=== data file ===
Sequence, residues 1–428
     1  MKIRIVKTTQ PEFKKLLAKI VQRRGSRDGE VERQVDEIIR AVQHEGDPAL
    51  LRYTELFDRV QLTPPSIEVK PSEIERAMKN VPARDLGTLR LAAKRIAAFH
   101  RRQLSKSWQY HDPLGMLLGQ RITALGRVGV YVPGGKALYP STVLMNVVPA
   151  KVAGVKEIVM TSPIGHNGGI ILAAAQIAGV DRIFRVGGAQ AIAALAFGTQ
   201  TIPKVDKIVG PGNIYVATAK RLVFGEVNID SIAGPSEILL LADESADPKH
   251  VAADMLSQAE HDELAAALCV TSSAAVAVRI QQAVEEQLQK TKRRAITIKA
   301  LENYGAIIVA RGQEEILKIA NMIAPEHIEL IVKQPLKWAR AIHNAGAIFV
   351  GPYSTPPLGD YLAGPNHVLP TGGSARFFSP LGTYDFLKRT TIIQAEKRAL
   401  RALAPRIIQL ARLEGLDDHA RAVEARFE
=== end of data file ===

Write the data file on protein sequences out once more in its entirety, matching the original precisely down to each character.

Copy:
Sequence, residues 1–428
     1  MKIRIVKTTQ PEFKKLLAKI VQRRGSRDGE VERQVDEIIR AVQHEGDPAL
    51  LRYTELFDRV QLTPPSIEVK PSEIERAMKN VPARDLGTLR LAAKRIAAFH
   101  RRQLSKSWQY HDPLGMLLGQ RITALGRVGV YVPGGKALYP STVLMNVVPA
   151  KVAGVKEIVM TSPIGHNGGI ILAAAQIAGV DRIFRVGGAQ AIAALAFGTQ
   201  TIPKVDKIVG PGNIYVATAK RLVFGEVNID SIAGPSEILL LADESADPKH
   251  VAADMLSQAE HDELAAALCV TSSAAVAVRI QQAVEEQLQK TKRRAITIKA
   301  LENYGAIIVA RGQEEILKIA NMIAPEHIEL IVKQPLKWAR AIHNAGAIFV
   351  GPYSTPPLGD YLAGPNHVLP TGGSARFFSP LGTYDFLKRT TIIQAEKRAL
   401  RALAPRIIQL ARLEGLDDHA RAVEARFE